Articles Comments

Samprasfanz » Archives 2003 to 2011 » Sampras ready to venture into post-tennis career [Mar 7, 2003]

Sampras ready to venture into post-tennis career [Mar 7, 2003]

Pete Sampras won’t be playing in a tournament again next week, but he’ll have plenty to do besides spend time with his wife, Bridgette Wilson, and his 3-month-old son, Christian. That’s because Sampras, who holds the career Grand Slam tournament titles record of 14, is lining up his business future as his tennis career winds down.

Sampras has become active in two business ventures, as a financial stakeholder in The Tennis Channel and the Pete Sampras Tennis Academy, both of which are expected to begin this year.

In December 2001, Sampras bought a stake in the round-the-clock cable channel with which he will have a presence both behind the scenes and on the air.

Sampras has told network executives he wants to have an instructional show and a behind-the-scenes look at Sampras will be the first episode of the channel’s personality show, “No Strings,” said the channel’s president and founder Steve Bellamy. While waiting for the launch, Sampras has been making appearances, picking up the phone and writing letters for the network.

“He has always told me that he is very envious of (former hockey great and current Phoenix Coyotes managing partner) Wayne Gretzky,” Bellamy said. “Wayne was the top dog in the game and he remained on top when he got into the business world. Pete wants to follow the same path, and I know he’ll be successful at it. If you can succeed in tennis, which is as physically challenging as boxing and as mentally challenging as chess, you can succeed in anything.”

Sampras also will be busy managing the Pete Sampras Tennis Academy, a training camp for ultra-competitive up-and-comers. The academy will open in September at The Home Depot Center, a 85-acre sports complex in Carson, Calif., that will house a 13,000-seat tennis stadium. Sampras is an equal partner with Anschutz Entertainment Group (AEG), which developed and will operate the facility, in the tennis academy business.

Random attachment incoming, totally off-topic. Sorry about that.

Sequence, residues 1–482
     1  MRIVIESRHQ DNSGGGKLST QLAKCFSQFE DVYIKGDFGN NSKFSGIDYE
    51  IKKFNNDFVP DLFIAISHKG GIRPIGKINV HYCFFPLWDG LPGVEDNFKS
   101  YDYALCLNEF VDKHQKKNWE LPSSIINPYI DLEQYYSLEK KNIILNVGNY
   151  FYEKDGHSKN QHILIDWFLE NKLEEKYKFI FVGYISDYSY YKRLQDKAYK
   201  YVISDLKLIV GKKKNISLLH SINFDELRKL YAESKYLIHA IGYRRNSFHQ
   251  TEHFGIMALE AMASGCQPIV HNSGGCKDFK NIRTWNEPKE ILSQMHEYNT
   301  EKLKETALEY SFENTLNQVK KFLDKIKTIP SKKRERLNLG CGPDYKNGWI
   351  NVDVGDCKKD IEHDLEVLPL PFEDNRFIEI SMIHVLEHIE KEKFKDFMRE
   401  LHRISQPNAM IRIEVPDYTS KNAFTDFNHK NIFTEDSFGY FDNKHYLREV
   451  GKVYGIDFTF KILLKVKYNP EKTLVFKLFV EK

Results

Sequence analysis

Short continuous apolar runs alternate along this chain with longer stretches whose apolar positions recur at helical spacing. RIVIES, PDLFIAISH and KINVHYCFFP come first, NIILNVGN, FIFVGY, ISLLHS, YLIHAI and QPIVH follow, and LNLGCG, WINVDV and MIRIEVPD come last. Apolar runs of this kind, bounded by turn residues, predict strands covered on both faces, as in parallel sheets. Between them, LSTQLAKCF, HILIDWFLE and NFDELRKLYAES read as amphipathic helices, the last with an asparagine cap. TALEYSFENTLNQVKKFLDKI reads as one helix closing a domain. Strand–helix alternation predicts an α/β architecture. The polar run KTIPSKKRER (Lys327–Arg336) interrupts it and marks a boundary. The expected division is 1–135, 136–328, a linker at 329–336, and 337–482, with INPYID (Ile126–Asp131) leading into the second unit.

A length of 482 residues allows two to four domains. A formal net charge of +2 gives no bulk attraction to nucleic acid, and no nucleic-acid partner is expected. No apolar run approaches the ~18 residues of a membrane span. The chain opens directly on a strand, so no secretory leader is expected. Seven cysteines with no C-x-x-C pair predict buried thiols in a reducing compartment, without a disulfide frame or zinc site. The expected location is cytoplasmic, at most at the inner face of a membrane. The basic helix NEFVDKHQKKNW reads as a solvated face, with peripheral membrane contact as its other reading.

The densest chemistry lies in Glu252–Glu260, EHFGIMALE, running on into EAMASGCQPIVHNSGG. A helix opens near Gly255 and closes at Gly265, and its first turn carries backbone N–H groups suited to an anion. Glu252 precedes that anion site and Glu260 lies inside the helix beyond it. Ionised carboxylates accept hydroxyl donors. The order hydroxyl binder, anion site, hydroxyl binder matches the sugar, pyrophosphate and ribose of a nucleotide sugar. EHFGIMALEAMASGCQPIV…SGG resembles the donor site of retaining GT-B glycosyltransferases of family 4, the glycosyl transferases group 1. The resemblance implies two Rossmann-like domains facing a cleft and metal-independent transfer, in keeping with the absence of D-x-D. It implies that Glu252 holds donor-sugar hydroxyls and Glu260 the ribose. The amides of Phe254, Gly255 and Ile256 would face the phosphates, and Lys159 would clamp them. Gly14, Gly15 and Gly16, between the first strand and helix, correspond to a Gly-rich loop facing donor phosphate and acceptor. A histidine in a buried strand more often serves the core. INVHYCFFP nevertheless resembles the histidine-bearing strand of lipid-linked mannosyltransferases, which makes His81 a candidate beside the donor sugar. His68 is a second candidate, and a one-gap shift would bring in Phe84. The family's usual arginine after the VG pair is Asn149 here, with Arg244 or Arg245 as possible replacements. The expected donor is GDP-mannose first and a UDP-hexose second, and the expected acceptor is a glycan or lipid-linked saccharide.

“He’s been involved in every detail to date, from the budgeting of the project to identifying types of programming to writing the actual curriculum for the academy,” said Bill Peterson, AEG’s senior vice president for events. “Since he’s putting his name on it, he cares about his reputation and is totally committed to make this a special place for young players.”

Sampras should have plenty of opportunities in the corporate world, if he chooses to pursue them.

“Pete has always been the consummate professional,” said Steve Rosner, a partner of 16W Marketing, which represents retired athletes including Howie Long, Phil Simms and Boomer Esiason. “I definitely think he’s one of those guys that will allow himself to get more involved in the marketing side when he’s no longer playing.”

Hiring retired athletes also minimizes the risk should a player in an advertising campaign go down with an injury. Four NFL spokesmen for Campbell’s Soup — Terrell Davis, Kurt Warner, Jerome Bettis and Donovan McNabb — were sidelined with injuries last season.

Although Sampras’ personality has been labeled by many as boring, Rosner says “it was because Andre Agassi was so outrageous, it made Pete look more bland than he really was.” Sampras could easily make $750,000 to $1 million by signing a three-year deal with a company to make appearances at the U.S. Open, according to Rosner. Speaking bureaus have said that Sampras would command at least $40,000 for public speaking engagements.

But Sampras, who has made more than $43 million on the court during his career, is known for asking for the sky. In a highly publicized battle in January 2002, Sampras announced he was not renewing with Nike — which has a building named after him on their Beaverton, Ore., campus –because he felt insulted during the negotiations process. Months later, he agreed to wear the swoosh again.

“Pete has made so much money over the years that in order for him to do something, he asks for very high prices that are usually unrealistic,” said Ryan Schinman, president of Platinum Rye Entertainment, a marketing firm that has pitched deals to Sampras. “People are going to want to work with him for his durability, reliability and recognizability, but he has to realize that he’s not going to be getting a Grand Slam paycheck.”

Darren Rovell, who covers sports business for, can be reached at

Source: ESPN

Filed under: Archives 2003 to 2011

Leave a Reply